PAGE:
I love sending readers and clients on a mission to test their financial advisor. I get them to ask about lower cost portfolio options such as index mutual funds or ETFs. The responses are typically hilarious – so much that I wrote an entire post on the sh!t my advisor says.
A reader I’ll call Michelle emailed me about a recent conversation with her advisor about switching to ETFs.
Hello Robb, I love your articles. Thank you!
I spoke to my advisor about switching to a low cost ETF strategy for my RRSP. She told me there can be liquidity issues with ETFs and that she always sells them with limit orders and it can take time. Is this true? I own one with CI First Asset that she recommended.
Also, she was trying to scare me that I’d be responsible for ensuring I drew down my RRSP properly, implying this was a difficult task that I might not be able to manage. I will have to start drawing down in 10 years.
Your thoughts would be much appreciated.
Michelle’s advisor is right in that limit orders are useful when buying and selling ETFs. That’s because the liquidity of an ETF is best measured by its bid-ask spread. The smaller the spread, the more liquid the ETF. Bid-ask spreads on large, liquid markets like the S&P 500 will be very tight at all times. Spreads will be wider in less liquid, more “niche” exposure ETFs.
Stocks with higher trading volume tend to be more liquid. But an ETFs liquidity reflects the liquidity of the underlying stocks or bonds it holds.
When in doubt, avoid trading too close to the market’s open or close, and always use a limit orders. Stick to broad-market ETFs. Look for all-in-one solutions like Vanguard’s VBAL, VGRO, or VEQT. It’s never been easier to be a do-it-yourself investor.
The advisor’s other comment – about Michelle drawing down her ETF portfolio – is nonsense. First of all, retirement is 10 years away. Why stay in expensive, actively managed mutual funds for the next decade on the assumption that Michelle’s advisor will do a good job assisting in the portfolio drawdown at that time?
Yes, retirement withdrawals can be complicated, and many investors will need guidance. But Michelle can pay for that guidance when the time comes, rather than overpaying for advice through product fees today. Or, she can take control of her DIY portfolio and follow a total return strategy to generate retirement income. Or, she can switch to a robo-advisor who can assist in portfolio withdrawals for a fraction of the cost of a full-service advisor.
There are plenty of reasons why commission-based advisors want to prevent their clients from switching to low cost index funds and ETFs. The most obvious is that actively managed mutual funds simply pay more commission to the fund dealer and advisor.
If we believe that, then it’s easy to paint commission-based advisors as devious and evil. But a recent paper titled, ‘The Misguided Beliefs of Financial Advisors‘ suggested that most advisors actually mean well, they just simply don’t know any better.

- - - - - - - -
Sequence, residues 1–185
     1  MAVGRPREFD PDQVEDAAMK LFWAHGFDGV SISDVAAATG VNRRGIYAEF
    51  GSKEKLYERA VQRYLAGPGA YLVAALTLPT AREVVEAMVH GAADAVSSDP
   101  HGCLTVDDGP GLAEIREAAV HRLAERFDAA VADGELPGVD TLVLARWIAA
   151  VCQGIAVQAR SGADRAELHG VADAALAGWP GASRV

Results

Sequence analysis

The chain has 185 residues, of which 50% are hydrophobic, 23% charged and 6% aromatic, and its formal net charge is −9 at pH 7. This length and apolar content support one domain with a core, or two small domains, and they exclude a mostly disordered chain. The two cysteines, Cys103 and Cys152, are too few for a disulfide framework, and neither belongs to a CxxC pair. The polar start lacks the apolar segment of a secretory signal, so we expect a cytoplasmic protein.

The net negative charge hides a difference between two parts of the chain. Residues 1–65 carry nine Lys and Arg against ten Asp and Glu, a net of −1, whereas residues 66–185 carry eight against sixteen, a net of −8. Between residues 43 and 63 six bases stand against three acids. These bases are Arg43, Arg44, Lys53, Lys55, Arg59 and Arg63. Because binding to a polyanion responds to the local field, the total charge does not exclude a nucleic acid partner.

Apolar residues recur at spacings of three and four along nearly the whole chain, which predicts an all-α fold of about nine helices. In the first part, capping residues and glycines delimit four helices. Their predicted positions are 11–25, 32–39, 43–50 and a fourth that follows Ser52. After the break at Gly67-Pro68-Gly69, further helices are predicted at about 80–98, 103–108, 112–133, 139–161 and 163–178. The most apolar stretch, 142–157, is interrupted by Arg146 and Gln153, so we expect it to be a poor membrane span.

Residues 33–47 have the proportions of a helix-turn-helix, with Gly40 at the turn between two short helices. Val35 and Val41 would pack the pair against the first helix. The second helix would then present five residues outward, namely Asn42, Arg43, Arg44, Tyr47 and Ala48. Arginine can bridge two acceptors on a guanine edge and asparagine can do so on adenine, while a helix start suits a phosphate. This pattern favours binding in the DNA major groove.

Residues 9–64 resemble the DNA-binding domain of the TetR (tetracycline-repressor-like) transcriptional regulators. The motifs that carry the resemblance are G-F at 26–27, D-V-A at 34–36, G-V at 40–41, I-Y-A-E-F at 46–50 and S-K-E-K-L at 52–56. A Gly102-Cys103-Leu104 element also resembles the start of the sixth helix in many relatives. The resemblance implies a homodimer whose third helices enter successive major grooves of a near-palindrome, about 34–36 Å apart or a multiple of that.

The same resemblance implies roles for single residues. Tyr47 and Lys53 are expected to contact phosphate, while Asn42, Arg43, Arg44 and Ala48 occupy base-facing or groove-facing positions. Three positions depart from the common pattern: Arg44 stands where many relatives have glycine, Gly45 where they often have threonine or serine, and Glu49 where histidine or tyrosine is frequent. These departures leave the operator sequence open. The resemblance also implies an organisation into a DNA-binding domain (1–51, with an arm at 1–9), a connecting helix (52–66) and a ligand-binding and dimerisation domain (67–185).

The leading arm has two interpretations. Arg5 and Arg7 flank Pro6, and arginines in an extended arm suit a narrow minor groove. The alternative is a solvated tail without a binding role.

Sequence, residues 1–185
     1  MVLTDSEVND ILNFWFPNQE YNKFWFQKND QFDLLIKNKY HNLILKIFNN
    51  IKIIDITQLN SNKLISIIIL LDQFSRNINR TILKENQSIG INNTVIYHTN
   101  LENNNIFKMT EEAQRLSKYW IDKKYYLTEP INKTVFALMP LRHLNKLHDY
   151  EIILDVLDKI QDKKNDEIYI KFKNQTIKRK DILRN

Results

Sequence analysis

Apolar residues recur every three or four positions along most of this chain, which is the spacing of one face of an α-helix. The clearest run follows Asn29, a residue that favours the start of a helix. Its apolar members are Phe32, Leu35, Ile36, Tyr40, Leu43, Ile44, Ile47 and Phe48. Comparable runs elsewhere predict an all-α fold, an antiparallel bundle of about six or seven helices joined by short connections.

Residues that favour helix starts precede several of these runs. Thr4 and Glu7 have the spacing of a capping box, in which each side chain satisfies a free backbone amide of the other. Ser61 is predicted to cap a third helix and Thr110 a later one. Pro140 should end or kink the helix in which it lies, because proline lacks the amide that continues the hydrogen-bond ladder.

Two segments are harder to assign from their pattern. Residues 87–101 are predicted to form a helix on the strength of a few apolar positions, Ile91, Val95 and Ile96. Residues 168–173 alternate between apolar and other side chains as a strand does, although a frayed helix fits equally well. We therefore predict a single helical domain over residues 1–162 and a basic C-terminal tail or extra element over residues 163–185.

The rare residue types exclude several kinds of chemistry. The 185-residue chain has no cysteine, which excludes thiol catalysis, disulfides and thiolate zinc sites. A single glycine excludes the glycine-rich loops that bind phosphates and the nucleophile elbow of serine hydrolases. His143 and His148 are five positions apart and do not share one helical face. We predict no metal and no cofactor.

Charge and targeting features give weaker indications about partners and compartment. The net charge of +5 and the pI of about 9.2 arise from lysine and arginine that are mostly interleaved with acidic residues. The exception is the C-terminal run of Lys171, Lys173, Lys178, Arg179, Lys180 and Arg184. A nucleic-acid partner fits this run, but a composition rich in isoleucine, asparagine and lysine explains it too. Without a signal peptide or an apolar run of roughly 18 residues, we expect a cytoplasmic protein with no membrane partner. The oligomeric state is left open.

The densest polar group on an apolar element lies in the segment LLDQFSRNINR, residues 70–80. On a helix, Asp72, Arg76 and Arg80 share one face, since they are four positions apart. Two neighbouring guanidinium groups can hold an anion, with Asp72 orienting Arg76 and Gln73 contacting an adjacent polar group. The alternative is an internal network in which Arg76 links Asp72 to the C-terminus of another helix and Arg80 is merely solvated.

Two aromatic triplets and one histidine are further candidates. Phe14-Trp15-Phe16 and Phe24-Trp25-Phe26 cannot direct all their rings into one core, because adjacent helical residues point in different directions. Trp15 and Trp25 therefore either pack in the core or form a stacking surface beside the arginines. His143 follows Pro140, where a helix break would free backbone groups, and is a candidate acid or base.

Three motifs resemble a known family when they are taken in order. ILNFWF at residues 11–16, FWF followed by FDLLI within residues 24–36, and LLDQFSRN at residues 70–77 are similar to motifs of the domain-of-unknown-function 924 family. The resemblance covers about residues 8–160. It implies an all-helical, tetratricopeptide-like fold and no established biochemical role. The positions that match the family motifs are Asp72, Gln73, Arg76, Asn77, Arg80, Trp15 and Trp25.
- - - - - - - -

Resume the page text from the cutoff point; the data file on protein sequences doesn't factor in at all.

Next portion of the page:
“Advisors give poor advice precisely because they have misguided beliefs. They recommend frequent trading and expensive, actively managed products because they believe active management, even after commissions, dominates passive management. Indeed, they hold the same investments that they recommend.”
If you work with an advisor at a bank or investment firm, don’t be afraid to challenge or question their advice, especially when it comes to fees on the products they recommend. For every high-fee, actively managed product there is a low-fee, passively managed equivalent that is most likely better suited for your portfolio. Insist on the low fee option.
This Week’s Recap:
This week I wrote about our tendency to kick debt down the road.
From the archives: How to create your own financial plan with these eight steps.
Over on Rewards Cards Canada: What’s the difference between Air Miles Cash Miles vs. Dream Miles?
Friday was my last official day in the office – hopefully forever!
Quit my job to blog full time. Am I retired?
— Boomer and Echo (@BoomerandEcho) December 7, 2019
Finally, a quick update on life insurance as a few readers asked if I had the option to convert my group insurance to a private policy. It turns out I can, but only to a maximum of $200,000. I’m happy with my decision to go with a new $600,000 15-year term life policy.
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This Week’s Recap:
An economist tackles a big question – will the stock market crash in 2020?
A Wealth of Common Sense blogger Ben Carlson explains why bull markets last much longer than you think.
Rob Carrick shares some lessons from your fellow Canadians on how to be successful with TFSAs.
Mr. Carrick also shares an important piece on how investment firms are ducking responsibility for bad advice that costs clients:
“The investment industry talks endlessly about the value of the advice it provides. But no loophole goes unexplored in finding ways to avoid taking responsibility when that advice goes wrong.”
PWL Capital’s Ben Felix is back with his latest Common Sense Investing video about investing in IPOs:
Nick Magguilli (Of Dollars and Data) shares his psychological tricks for worry-free spending.
Michael James discovered an error in the rules-based spreadsheet he designed to manage his portfolio and now wrestles with a decision to fix his mistake.
The most dangerous of all people is the fool who thinks he is brilliant. Jason Zweig shares his own experience with overconfidence.
Million Dollar Journey compares bond ETFs, GICs, and high interest savings accounts in this fixed income investing summary.
Finally, travel expert Barry Choi shares eight hotel booking tips to ensure you get the best value when booking hotels online.
Have a great weekend, everyone!